V. O. Key, The Responsible Electorate
Key terms: stand-patters, switchers, new voters (youth and flaky)
It can be an error to assume that because a candidate wins, the majority of the electorate shares his views on public questions
Output is a reflection of the input - peoples verdict can be no more then a selective reflection from among the alternatives presented to them. "If the people can choose only from among rascals, they are certain to choose a rascal."
Switchers often make up 1/5 to 1/8 of the electorate. New voters can change the results of an election, but often don't because nonvoting is high among young people. New voters present a continuing challenge to the contending parties, which must recruit them and attract support from the "in and out" sector of the electorate.
Federal government underwent a radical transformation after the democratic victory 1932. Series of recovery and reform of measures greatly enlarged powers and purview of the federal government. Reelection of the Democrats in 1936 can be seen as a popular ratification of the changes made between 1932 and 1936.
Many of the "switchers" from Democrat to Republican in the era of the new deal were wealthy, and thus not receiving relief. To the extent that Republicans switched to the Democratic Party, which was less common, relatively more poor people made the switch. Here, you have one driving policy aspect defining partisanship of vote.
Voter emerges as a person who appraises the actions of a government, has policy preferences, and relates vote to those appraisals and preferences. Driving policy preferences of "shifters" and "new voters" especially important.
A notable element of data shows that Administration seems to lose the votes of erstwhile supporters who dissent from actions it has taken.
Minority party doesn't play role of imaginative advocate heralding shape of new world-- rather, benefits from shifted voters who are disappointed by the current Administration.
Why did people vote for Eisenhower (R) after so many years of D rule? For one, Korean war played a large factor. (Rise of communism was troubling.) His win can also be seen as the result of a slow ebbing away from the Dem party after a record high of Dem support in 1936 due to the New Deal...finally ended in 1952. Switchers can be seen not as indifferent buffers during this period, but people with real policy preferences who side with either D or R.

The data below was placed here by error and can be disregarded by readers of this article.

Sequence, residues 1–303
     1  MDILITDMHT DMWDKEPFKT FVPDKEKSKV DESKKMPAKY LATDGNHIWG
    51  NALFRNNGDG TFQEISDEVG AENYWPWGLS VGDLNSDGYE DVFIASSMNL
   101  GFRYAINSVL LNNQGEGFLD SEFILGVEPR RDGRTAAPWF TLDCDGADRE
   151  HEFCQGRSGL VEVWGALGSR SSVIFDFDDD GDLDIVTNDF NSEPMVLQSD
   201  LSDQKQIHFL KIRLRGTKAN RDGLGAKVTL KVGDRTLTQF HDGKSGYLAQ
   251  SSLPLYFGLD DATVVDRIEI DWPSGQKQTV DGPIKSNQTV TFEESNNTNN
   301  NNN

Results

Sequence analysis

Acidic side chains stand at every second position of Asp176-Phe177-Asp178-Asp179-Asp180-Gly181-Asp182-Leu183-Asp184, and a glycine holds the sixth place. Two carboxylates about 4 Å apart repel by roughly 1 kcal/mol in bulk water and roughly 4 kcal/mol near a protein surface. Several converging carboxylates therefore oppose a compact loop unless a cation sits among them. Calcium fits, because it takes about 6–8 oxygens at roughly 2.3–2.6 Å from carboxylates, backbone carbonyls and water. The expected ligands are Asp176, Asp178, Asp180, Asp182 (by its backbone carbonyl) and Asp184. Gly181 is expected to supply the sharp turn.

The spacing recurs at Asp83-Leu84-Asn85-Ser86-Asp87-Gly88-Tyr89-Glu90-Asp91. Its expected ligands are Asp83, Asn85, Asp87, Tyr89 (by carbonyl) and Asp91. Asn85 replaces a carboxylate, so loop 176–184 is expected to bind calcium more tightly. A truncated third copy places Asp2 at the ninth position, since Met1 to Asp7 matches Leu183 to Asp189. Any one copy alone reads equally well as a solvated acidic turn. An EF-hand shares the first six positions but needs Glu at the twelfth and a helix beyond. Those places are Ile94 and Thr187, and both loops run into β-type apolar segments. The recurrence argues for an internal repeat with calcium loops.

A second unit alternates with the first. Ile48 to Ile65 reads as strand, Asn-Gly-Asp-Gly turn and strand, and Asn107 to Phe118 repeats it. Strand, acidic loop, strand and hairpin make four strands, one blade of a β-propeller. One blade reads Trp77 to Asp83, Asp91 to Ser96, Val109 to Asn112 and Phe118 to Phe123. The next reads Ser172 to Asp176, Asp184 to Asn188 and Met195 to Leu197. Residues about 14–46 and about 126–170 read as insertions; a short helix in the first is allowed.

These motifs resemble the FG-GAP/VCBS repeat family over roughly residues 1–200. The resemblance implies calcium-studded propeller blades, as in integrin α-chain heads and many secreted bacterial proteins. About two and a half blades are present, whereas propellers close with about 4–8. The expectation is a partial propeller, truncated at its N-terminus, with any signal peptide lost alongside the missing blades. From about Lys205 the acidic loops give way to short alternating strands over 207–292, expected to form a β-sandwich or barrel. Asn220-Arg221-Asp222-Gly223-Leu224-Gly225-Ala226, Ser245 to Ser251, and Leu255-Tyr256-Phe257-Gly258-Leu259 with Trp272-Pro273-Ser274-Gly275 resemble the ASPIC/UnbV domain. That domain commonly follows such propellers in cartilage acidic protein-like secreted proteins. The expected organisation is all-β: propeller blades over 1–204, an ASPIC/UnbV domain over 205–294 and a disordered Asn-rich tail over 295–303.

In a campaign composed chiefly of fluffy political stimuli (1960 - Kennedy), the voter tends to let himself be guided by an underlying and durable identifications, group loyalties, and preferences.
Voter religion was one of most dramatic contrast in switching between 1956 and 1960.
Interest had an interesting effect. Those who moved against the tide, from R to D, had as high and average level of interest as did the Dem standpatters. Those who moved with the tide did not have as high of interest.
1) Busy citizens just make quick decisions while voting, not a lot of thought. ...but he says a record of voting a certain way requires preferences.
2) Policy preferences may not be expressions of an independent belief, but merely views that persons identified with a party believe as a party line. ...this is discussed by Campbell, he says. That may be the case for stand-patters, but for switchers, it appears something real related to policy preference is happening.